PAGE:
The discovery of penicillin was only possible in a laboratory where contaminations were common. Chance certainly played a role in the discovery of the first antibiotic, but the training and laboratory practice of Fleming were essential for him to identify one of the most important drugs in human history. Unfortunately, due to antibiotic resistance, microbiologists are in a race with bacterial pathogens to find new ways to treat infections. Today, we have a better understanding of how pathogens interact with their hosts, how antimicrobials work, and what the mechanisms of antibiotic resistance are. But, even 90 years after the discovery of penicillin, there is still much more work needed to combat the current antibiotic crisis. You can be part of this by participating in the Swab and Send initiative!

Glossary

Pathogen: A microorganism that invades the body and cause an infection.

Petri Dish: A glass or plastic dish with a lid used to culture living cells.

Bacterial Colony: Group of bacterial cells growing together on the surface of a solid medium that are visible to the naked eye.

Zone of Inhibition: Area surrounding the source of an antibiotic in which bacterial colonies do not grow.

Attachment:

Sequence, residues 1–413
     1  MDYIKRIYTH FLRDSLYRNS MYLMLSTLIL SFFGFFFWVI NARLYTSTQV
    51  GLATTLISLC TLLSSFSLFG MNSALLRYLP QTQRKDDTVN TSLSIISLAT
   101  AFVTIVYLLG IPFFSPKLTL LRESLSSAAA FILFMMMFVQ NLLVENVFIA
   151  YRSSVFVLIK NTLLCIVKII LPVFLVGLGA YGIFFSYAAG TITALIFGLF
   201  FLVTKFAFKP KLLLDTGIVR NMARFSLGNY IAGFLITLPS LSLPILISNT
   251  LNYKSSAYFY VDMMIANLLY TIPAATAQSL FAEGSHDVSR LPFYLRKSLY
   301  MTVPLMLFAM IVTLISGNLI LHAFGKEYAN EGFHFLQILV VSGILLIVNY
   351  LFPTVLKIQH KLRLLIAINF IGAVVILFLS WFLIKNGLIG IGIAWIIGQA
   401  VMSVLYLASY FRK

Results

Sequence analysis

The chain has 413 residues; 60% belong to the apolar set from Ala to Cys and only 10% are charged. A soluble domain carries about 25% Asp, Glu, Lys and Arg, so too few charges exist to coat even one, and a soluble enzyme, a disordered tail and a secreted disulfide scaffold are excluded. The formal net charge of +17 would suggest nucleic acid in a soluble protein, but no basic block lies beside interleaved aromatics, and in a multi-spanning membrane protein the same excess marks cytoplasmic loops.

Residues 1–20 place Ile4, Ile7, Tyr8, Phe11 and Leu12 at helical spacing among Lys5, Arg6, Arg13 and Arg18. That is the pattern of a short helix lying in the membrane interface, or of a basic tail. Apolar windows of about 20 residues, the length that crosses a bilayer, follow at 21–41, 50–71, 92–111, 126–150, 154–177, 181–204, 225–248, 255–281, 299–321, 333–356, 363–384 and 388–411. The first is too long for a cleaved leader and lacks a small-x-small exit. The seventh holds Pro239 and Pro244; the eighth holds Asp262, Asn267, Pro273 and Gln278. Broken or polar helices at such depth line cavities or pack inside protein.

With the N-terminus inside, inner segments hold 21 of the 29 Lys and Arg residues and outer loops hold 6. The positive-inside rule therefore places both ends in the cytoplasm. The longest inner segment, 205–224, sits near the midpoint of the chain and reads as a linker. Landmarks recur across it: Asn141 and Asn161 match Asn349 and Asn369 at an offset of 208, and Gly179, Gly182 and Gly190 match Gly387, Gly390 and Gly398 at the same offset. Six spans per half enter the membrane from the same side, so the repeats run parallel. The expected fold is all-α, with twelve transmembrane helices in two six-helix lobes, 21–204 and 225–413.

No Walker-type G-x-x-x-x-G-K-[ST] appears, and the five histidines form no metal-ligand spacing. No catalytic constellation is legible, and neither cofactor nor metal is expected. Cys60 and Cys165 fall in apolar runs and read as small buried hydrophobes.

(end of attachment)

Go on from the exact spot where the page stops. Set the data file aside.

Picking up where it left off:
Conflict of Interest

The author declares that the research was conducted in the absence of any commercial or financial relationships that could be construed as a potential conflict of interest.


References

[1] Da Silva, G., and Domingues, S. 2017. We are never alone: living with the human microbiota. Front. Young Minds 5:35. doi: 10.3389/frym.2017.00035

[2] Madigan, T. M., Bender, K. S., Buckley, D. H., Sattley, W. M., and Stahl, D. A. 2018. Brock Biology of Microorganisms. 15th Edn. London: Pearson.

[3] Brown, K. 2017. Penicillin Man, Alexander Fleming and the Antibiotic Revolution. Cheltenham: The History Press.

[4] Swab and Send Initiative. Available online at: https://www.lstmed.ac.uk/public-engagement/swab-send

[5] Kishony, R. 2016. The Evolution of Bacteria on a “Mega-Plate” Petri Dish. Available online at: https://commons.wikimedia.org/wiki/File:Kishony_lab-The_Evolution_of_Bacteria_on_a_Mega-Plate.webm